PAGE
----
Baby boy born at full term via forceps-assisted vaginal delivery to a 17-year-old primigravida was noted to have left arm and chest anomalies. Apgar scores 9 at 1 minute and 9 at 5 minutes. No pregnancy complications except for low amniotic fluid index. Second trimester ultrasonogram showed no malformations. At birth, infant was vigorous. He tolerated feeding well and passed urine and stool appropriately. Results of a hearing screen and newborn metabolic screen were normal. No family history of genetic disorders.
Clinically, infant was asymptomatic. Vital signs normal. Weight, height, and head circumference (3.040 kg, 50.8 cm, and 33 cm, respectively) appropriate for gestational age. He had a flat left upper chest, an abnormal and caudally displaced left nipple, hypoplasia of the muscles of the upper left shoulder girdle and arm, significant shortening and bowing of the left forearm, and left hand cutaneous syndactyly. The left thumb resembled a finger and was not opposable. Heart sounds heard best to the right of midline, corresponding to dextroposition of the heart. No heart murmurs. Remaining physical findings unremarkable.
WHAT’S YOUR DIAGNOSIS?
(Answer and discussion on next page)
ANSWER: POLAND SYNDROME
Poland syndrome, also known as Poland sequence, is a rare congenital anomaly characterized by unilateral chest wall hypoplasia and ipsilateral anomalies of the upper extremity. The condition, first described by Dr Alfred Poland in 1841, was officially named in 1962 by Dr Patrick Clarkson, who reported on 3affected children. The incidence of Poland syndrome is 1 per 20,000 to 30,000; however, it is believed to be underreported. The syndrome is 3 times more likely in males than in females; the right side is favored over the left.1
Diminished blood supply to the affected side secondary to developmental defects of the subclavian artery is the suspected cause of Poland syndrome. Maternal drug abuse during pregnancy has been reported.2,3 Most cases of Poland syndrome arise sporadically. Familial cases have been described, which suggests some degree of genetic transmission. However, a case of Poland syndrome in one identical twin has been reported.4
The minimum criterion needed for diagnosis is unilateral absence or hypoplasia of the sternal portion of the pectoralis major muscle. Other classic features on the ipsilateral side include:
•Hypoplasia or aplasia of the breast and nipple.
•Deficiency of subcutaneous fat and axillary hair.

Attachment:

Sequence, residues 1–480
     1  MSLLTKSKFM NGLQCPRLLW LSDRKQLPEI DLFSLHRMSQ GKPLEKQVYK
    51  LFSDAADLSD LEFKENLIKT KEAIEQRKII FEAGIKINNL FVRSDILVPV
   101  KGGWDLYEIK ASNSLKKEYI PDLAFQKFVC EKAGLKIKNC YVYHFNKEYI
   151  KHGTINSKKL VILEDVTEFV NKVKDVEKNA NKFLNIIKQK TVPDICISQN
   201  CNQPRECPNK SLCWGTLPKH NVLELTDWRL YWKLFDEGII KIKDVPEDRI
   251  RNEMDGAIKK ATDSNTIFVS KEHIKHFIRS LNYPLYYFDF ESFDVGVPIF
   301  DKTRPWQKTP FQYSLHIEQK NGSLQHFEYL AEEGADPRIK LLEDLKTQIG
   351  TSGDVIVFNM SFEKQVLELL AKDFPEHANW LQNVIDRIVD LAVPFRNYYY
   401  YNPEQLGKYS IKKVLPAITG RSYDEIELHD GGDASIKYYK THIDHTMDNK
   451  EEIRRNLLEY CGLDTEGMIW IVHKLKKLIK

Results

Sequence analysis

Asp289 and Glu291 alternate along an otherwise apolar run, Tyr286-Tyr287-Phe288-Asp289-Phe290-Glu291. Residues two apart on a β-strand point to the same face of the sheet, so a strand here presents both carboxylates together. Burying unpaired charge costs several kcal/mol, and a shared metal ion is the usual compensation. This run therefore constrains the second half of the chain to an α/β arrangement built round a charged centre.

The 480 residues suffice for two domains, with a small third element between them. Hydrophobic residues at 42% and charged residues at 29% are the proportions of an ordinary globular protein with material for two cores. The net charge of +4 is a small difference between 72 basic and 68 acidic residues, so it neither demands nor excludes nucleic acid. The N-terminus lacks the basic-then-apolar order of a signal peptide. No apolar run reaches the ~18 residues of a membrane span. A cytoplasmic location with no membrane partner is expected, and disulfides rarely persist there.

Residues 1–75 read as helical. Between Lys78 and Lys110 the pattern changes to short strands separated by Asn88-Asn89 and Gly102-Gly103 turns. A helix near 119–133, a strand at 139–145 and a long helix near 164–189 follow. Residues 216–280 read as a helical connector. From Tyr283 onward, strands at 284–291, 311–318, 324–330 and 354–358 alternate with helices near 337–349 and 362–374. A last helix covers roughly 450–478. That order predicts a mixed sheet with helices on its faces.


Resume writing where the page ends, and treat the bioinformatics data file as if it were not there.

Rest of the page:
•Abnormalities of the rib cage.
•Upper extremity anomalies, such as short arm and fingers as well as syndactyly.2
It is not rare for infants with Poland syndrome to have all the classic features. Intelligence is not impaired in children with this syndrome.
|Figure 1 – The infant’s chest radiograph shows dextrocardia and a malformed left clavicle and scapula.|
Dextrocardia, without other cardiovascular defects, has been described in patients with left-sided anomalies (Figure 1).5,6 Eventration of the diaphragm has been reported with Poland syndrome(Figure 2).7 In this rare condition, the diaphragm is incompletely muscularized and is permanently elevated but retains its continuity and attachments to the costal margin. The presence of these associated anomalies is not expected to affect prognosis.
Poland syndrome can be associated with Möbius syndrome (congenital facial paralysis and limb reduction defects) and Klippel-Feil syndrome (fused cervical vertebrae), which are also thought to be secondary to subclavian artery disruption.8 Hematopoietic malignancies, breast cancer, and Wilms tumor have been described in patients with Poland syndrome.9,10
|Figure 2 – This radiograph of the infant’s left chest and arm shows a hypoexpanded left lung with a domeshaped diaphragm, consistent with diaphragmatic eventration. Shortening of the ulna and bowing of the radius are apparent on the left side.|
TREATMENT AND OUTCOME
Affected children are seldom symptomatic and often require no immediate treatment. Mild formsof Poland syndrome can go unrecognized. Children with anomalies that impede normal function may benefit from physical therapy and/or surgical intervention. Reconstructive surgery is offered during teenage years for cosmetic reasons. Either existing chest muscles or transplanted muscles from another body area may be used to develop symmetry between the affected and unaffected side. Reconstruction of the rib cage can be provided at the same time. In adolescent girls, in order to ensure breast symmetry, reconstructive surgery is often postponed until breast development on the uninvolved side has been completed. Psychosocial treatment may be needed for those with poor body image or low self-esteem until surgery can be provided.
This infant was discharged home after evaluation by specialists in genetics, pediatric cardiology, hand surgery, and pediatric orthopedic surgery. No further genetic workup was deemed necessary. A chest CT scan confirmed the radiographic findings. Head and abdominal ultrasonographic findings were normal. Physical therapy was arranged and future surgical intervention was planned. At age 3 months, the infant was thriving; no other anomalies were noted.